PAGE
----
Fb2 Albert Camus ePub
by Herbert R. Lottman
|Author:||Herbert R. Lottman|
|Fb2 eBook:||1224 kb|
|ePub eBook:||1102 kb|
|Digital formats:||lrf lrf lit azw|
Lottman, Herbert R; Lottman, Herbert R. Albert Camus : a biography chapter from Herbert Lottman's 848-page biography Albert Comus.
Lottman, Herbert R; Lottman, Herbert R. Albert Camus : a biography. 1997 chapter from Herbert Lottman's 848-page biography Albert Comus. Includes bibliographical references. Books for People with Print Disabilities. Internet Archive Books.
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Download it once and read it on your Kindle device, PC, phones or tablets. Use features like bookmarks, note taking and highlighting while reading Albert Camus: A Biography.
Herbert Lottman (August 16, 1927, Brooklyn – August 27, 2014, Paris) was an American author who specialized in writing biographies on French subjects. An influential biographer, he published 17 biographies, 15 of which were related to French culture, commerce, or politics; including works on Albert Camus, Colette, Gustave Flaubert, Henri Philippe Pétain, Jules Verne, and the Rothschild banking family of France. He wrote that, just before dying, Albert Camus was pledged to marry.
Lottman’s Albert Camus was the first and remains the definitive biography - even in France.
and,at times, he seems to hesitate to cut out all the extra detail that makes it an unnecessarily long read.
Lottman's Albert Camus was the first and remains the definitive biography - even in France. John Leonard, New York Times: "What emerges from Mr. Lottman's tireless devotions is a portrait of the artist, the outsider, the humanist and skeptic, that breaks the heart.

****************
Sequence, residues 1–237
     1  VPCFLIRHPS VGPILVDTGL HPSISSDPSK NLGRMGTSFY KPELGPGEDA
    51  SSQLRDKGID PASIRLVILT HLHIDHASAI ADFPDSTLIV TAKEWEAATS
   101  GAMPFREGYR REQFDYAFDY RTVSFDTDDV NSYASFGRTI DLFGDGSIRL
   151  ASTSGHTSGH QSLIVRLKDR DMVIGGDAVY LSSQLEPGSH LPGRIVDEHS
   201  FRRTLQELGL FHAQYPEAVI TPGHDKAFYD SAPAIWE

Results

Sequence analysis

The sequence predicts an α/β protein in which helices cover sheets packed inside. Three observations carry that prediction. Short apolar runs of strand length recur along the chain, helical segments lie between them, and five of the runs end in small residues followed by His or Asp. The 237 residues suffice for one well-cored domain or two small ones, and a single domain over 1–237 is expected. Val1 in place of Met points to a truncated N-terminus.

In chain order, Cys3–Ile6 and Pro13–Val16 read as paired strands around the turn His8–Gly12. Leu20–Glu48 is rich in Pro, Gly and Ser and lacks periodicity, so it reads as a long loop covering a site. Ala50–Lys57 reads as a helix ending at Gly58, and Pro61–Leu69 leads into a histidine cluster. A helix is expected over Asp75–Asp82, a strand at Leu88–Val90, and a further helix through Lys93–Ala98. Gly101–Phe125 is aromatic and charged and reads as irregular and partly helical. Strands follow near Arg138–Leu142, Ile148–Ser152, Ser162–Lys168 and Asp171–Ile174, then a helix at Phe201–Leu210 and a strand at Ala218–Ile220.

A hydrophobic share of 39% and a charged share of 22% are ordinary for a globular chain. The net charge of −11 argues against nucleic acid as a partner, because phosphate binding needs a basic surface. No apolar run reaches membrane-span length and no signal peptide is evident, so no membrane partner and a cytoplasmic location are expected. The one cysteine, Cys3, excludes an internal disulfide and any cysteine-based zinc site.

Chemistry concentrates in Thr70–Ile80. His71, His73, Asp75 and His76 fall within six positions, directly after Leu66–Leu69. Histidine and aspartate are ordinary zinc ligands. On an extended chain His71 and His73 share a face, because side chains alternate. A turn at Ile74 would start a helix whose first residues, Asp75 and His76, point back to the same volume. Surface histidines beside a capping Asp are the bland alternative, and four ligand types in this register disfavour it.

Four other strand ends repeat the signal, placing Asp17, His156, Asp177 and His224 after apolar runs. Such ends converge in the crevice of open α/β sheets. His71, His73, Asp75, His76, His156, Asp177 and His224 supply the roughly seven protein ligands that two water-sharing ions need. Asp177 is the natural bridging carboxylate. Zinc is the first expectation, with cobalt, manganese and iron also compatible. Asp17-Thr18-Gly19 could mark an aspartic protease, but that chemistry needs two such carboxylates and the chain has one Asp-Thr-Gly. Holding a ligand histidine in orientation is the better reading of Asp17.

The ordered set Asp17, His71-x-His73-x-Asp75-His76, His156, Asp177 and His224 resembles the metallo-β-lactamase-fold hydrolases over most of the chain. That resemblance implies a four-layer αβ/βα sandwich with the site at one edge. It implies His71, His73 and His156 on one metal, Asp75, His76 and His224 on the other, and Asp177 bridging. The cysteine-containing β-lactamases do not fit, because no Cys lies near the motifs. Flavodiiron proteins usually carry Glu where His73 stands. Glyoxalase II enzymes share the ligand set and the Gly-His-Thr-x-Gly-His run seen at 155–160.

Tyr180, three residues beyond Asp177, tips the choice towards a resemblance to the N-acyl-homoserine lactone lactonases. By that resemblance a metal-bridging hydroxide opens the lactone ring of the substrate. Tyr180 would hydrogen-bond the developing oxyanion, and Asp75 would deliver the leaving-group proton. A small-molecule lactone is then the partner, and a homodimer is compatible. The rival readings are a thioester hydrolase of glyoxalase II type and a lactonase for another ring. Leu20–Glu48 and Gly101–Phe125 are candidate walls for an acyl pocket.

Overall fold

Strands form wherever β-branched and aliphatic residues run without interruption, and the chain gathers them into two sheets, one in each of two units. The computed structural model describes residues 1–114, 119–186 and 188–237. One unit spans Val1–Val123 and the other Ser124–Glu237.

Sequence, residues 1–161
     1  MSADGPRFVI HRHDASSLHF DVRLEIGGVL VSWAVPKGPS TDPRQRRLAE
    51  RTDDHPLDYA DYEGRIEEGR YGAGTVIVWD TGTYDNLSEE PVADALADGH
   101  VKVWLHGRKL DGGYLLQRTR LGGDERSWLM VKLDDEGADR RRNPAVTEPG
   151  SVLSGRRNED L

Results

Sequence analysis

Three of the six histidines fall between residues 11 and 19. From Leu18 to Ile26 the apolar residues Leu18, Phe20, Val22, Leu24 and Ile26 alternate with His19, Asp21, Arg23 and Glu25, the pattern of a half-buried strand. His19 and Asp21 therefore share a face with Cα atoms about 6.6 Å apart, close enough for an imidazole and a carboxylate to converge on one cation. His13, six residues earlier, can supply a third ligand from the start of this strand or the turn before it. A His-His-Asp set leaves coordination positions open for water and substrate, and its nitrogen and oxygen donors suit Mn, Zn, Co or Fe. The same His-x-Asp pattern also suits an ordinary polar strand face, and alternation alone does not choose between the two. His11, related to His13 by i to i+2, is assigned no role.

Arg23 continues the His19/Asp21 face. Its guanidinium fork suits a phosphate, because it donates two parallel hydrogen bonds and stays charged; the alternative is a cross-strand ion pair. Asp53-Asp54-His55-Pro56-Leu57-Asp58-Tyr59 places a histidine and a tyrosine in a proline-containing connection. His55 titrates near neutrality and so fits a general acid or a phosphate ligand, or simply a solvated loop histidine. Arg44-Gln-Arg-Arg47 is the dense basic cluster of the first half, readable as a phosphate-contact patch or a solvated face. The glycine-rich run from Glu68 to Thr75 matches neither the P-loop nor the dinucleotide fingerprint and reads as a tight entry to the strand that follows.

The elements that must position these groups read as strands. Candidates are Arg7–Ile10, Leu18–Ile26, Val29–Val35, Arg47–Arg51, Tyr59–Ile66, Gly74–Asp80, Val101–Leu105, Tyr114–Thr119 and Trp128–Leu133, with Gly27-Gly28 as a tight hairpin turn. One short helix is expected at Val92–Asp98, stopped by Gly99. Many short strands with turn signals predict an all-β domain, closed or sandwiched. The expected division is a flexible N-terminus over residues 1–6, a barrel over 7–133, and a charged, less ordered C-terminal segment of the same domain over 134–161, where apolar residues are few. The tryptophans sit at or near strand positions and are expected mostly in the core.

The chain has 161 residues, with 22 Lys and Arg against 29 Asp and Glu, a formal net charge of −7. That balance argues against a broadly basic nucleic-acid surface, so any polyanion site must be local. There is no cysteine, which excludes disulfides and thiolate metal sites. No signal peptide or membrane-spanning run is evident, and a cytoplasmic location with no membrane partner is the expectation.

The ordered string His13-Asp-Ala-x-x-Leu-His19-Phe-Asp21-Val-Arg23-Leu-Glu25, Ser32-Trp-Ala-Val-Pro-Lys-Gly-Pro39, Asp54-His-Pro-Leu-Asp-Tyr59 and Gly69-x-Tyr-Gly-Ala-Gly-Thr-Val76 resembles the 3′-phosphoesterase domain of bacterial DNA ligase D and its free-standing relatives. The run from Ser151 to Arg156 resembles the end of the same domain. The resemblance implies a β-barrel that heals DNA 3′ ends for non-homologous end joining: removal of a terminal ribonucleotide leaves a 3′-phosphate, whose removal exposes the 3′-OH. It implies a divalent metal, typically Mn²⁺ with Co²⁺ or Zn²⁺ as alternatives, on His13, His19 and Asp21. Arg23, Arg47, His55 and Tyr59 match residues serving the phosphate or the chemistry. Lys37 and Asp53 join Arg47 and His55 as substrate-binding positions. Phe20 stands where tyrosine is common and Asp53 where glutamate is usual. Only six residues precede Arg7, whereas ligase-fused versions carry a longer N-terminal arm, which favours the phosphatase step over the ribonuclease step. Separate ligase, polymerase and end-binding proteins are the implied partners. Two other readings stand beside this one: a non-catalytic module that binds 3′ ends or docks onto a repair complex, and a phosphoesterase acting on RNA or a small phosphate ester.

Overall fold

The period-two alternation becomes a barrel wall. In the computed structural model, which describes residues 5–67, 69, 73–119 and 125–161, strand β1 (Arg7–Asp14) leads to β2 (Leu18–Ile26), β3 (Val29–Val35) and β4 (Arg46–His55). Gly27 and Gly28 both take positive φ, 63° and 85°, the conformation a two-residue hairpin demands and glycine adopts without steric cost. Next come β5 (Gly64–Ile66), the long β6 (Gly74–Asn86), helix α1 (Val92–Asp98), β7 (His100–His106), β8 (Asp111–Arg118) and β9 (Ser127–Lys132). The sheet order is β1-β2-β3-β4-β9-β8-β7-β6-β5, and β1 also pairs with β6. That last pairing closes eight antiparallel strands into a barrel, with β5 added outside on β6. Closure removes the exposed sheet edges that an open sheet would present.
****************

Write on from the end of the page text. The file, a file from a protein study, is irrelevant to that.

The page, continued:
Sixty years after the French Nobel laureate Albert Camus died in a car crash at the age of 46, a new book is arguing that he was assassinated by KGB spies in retaliation for his anti-Soviet rhetoric. Camus died on 4 January 1960 when his publisher Michel Gallimard lost control of his car and it crashed into a tree. The accident seemed to have been caused by a blowout or a broken axle; experts were puzzled by its happening on a long stretch of straight road, a road 30 feet wide, and with little traffic at the time, Herbert Lottman wrote in his 1978 biography of the author.
The book contains a formidable quantity of first-hand material, and there is no pretense at objectivity; occasionally the text reads like campaign biography. Certainly Leon Blum deserves all the passionate admiration he gets here; American readers may be put off by it at first, but I urge them to read on, for there is also solid stuff that won't be found anywhere else, including precious insights of the writer, who grew up in a world Blum helped to create.